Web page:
11 Matching Annotations
  1. Jan 2023
    1. run on a wide variety of hardware - desktops, laptops, tablets, phones, watches

      Curious if he means can run on different devices or an installation spans multiple devices. I'm interested in considering the operating system as a control plane for many devices. Additionally multi-user support for sharing hardware.

  2. Jan 2020
  3. Sep 2018
  4. Aug 2017
  5. Apr 2016
  6. Jan 2016
    1. Today, we’re announcing the end of Chrome’s support for Windows XP, as well as Windows Vista, and Mac OS X 10.6, 10.7, and 10.8, since these platforms are no longer actively supported by Microsoft and Apple. Starting April 2016, Chrome will continue to function on these platforms but will no longer receive updates and security fixes.

      Google announcement from 10 Nov 2015.

      Estimate of operating system usage.

      Microsoft security updates for Windows Vista are scheduled to continue until 11 April, 2017.

  7. Dec 2015
    1. Mozilla's Firefox OS is just the latest in a long list of mobile operating systems that have struggled to get the attention of consumers, who have typically shied away from upstarts often characterized by a weak selection of apps available. That hard-luck list includes Microsoft's Windows Phone, Samsung's Tizen, Jolla's Sailfish OS, Canonical's Ubuntu, Hewlett-Packard's WebOS and BlackBerry's BlackBerry OS.
    2. "We are definitely working with a good number of partners who desire a non-Android OS to power their mobile devices," Acadine founder and Chief Executive Li Gong told CNET. He declined to detail discussions but said, "We are now the frontrunner in terms of choice in this space."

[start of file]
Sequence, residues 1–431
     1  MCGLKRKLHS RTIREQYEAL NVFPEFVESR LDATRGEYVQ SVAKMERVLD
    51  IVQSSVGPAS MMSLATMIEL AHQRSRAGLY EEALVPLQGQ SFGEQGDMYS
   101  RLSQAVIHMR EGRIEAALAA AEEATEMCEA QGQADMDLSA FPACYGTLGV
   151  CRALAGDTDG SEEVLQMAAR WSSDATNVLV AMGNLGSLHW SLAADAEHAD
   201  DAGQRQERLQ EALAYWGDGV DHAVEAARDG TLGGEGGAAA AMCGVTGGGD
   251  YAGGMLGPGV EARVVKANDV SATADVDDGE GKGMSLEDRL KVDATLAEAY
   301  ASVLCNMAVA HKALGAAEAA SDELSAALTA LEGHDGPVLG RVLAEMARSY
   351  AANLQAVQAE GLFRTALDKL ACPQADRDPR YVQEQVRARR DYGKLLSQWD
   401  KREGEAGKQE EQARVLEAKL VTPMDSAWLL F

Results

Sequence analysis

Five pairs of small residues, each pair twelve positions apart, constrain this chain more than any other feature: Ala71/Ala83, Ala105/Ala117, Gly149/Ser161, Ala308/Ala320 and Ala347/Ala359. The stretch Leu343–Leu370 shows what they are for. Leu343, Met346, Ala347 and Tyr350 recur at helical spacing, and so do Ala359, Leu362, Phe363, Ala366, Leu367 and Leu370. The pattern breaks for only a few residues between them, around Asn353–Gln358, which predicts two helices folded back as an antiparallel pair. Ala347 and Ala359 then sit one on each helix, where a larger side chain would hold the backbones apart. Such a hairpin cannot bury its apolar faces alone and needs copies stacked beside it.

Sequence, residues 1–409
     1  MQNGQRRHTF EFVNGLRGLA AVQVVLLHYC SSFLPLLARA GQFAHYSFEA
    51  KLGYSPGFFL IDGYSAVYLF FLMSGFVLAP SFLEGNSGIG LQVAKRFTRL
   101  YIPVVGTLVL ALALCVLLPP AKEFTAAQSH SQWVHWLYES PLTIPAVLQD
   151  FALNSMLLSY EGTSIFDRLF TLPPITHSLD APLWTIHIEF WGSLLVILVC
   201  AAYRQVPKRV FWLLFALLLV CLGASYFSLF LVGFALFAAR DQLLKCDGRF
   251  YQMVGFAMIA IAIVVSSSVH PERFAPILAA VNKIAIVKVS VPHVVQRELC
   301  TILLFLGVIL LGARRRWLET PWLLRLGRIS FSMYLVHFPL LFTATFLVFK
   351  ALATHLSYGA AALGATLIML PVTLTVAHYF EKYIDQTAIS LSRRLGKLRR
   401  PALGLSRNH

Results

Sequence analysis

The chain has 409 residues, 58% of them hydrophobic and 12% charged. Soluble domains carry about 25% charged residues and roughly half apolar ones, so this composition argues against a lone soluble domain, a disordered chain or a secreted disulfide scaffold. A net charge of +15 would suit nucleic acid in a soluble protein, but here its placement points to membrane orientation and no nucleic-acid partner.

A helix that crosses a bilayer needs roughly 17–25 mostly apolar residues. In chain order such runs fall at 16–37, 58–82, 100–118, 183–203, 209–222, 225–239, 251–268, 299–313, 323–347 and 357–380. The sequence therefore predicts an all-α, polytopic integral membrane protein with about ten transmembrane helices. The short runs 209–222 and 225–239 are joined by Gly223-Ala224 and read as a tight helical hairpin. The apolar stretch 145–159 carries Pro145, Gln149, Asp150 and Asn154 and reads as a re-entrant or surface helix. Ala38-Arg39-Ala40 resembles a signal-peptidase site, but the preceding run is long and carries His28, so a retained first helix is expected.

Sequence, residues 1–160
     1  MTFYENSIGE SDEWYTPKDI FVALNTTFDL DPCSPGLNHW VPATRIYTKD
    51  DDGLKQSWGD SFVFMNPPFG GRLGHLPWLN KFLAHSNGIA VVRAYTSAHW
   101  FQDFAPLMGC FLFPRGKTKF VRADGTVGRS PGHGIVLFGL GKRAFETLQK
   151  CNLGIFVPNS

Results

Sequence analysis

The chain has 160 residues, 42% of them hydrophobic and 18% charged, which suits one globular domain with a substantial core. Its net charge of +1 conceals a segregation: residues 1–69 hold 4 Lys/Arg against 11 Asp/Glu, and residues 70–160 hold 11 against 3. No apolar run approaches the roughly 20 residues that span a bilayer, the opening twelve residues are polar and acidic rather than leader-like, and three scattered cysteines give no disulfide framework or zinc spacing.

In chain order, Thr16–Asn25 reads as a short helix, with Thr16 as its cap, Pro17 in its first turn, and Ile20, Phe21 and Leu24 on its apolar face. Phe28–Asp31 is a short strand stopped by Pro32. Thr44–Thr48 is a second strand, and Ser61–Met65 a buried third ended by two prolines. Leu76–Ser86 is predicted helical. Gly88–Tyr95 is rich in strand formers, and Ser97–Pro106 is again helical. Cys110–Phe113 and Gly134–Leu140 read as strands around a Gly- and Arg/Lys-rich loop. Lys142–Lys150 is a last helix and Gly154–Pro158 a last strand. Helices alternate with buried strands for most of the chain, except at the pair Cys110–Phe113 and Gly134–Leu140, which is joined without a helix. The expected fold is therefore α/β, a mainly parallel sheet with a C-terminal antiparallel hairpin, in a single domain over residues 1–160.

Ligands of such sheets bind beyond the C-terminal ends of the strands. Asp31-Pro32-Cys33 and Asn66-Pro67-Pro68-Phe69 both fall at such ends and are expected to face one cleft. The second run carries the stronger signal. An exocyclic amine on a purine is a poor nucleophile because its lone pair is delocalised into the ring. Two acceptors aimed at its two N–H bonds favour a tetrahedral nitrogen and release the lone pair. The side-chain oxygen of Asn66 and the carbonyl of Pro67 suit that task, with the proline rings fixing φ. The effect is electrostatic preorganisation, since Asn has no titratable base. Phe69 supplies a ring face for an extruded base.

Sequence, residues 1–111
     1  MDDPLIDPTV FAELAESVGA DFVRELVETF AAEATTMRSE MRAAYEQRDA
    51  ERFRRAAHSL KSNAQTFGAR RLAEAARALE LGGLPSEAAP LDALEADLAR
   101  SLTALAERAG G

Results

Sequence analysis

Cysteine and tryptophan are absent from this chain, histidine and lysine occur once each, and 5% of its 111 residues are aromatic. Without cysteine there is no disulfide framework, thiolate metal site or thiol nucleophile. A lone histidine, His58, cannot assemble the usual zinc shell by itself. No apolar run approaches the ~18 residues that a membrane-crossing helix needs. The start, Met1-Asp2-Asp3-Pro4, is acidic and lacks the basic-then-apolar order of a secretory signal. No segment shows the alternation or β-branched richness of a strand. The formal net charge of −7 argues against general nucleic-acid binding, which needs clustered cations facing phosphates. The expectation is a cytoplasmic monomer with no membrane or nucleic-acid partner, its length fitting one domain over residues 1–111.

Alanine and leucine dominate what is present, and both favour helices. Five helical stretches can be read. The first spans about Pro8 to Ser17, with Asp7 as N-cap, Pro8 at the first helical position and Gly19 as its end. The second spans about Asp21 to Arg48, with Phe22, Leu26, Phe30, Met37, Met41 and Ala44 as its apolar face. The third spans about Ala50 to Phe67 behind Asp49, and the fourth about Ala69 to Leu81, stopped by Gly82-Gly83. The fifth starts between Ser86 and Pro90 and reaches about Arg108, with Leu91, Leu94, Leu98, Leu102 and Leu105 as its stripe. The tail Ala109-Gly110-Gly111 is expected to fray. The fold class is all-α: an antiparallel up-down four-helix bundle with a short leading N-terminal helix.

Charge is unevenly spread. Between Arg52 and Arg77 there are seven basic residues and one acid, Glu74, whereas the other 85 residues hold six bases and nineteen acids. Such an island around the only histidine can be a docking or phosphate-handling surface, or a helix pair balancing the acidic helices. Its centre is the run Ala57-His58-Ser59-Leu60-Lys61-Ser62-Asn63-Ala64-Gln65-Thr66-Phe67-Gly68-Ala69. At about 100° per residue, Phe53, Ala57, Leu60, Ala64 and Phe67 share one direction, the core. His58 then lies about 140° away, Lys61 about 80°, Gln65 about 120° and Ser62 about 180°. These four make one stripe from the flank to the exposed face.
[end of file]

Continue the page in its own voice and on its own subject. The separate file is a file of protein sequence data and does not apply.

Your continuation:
Hong Kong-based startup Acadine Technologies may take over development of Firefox OS, as H5OS.

  8. Nov 2015
    1. The Wall Street Journal reports that Google will be merging Chrome OS into Android, to be released sometime in 2017. Chrome OS runs on netbooks and provides most of its applications through the Web browser. As a result, it is a very secure system -- unlike Android, which has been quite vulnerable. Chrome OS will continue to exist as open source software, but Google will focus on extending Android to run on laptops.

  9. Jan 2014
    1. In all cases, one standard is clear: Each of these vendors is betting very heavily on HTML5-based applications as well as methods to make HTML5 compatibility the basis for their future. Whether made from Java or other language frameworks, HTML5 is the common thread that runs through each of these alternative mobile operating systems. Start with HTML5, and your applications’ portability is almost assured.

      Is there any other reasonable bet than HTML5?! Especially in the smartdevice realm where there is a rich set of HTML5-family features already enabled it makes less and less sense to make native applications except for special edge-cases. And any smartdevice competitors cannot possibly compete against iOS and Android on their own unique native app development format-- so HTML5 would seem the only reasonable place to focus development of new apps. Where Ubuntu succeeds is compatibility with an already well established Linux ecosystem.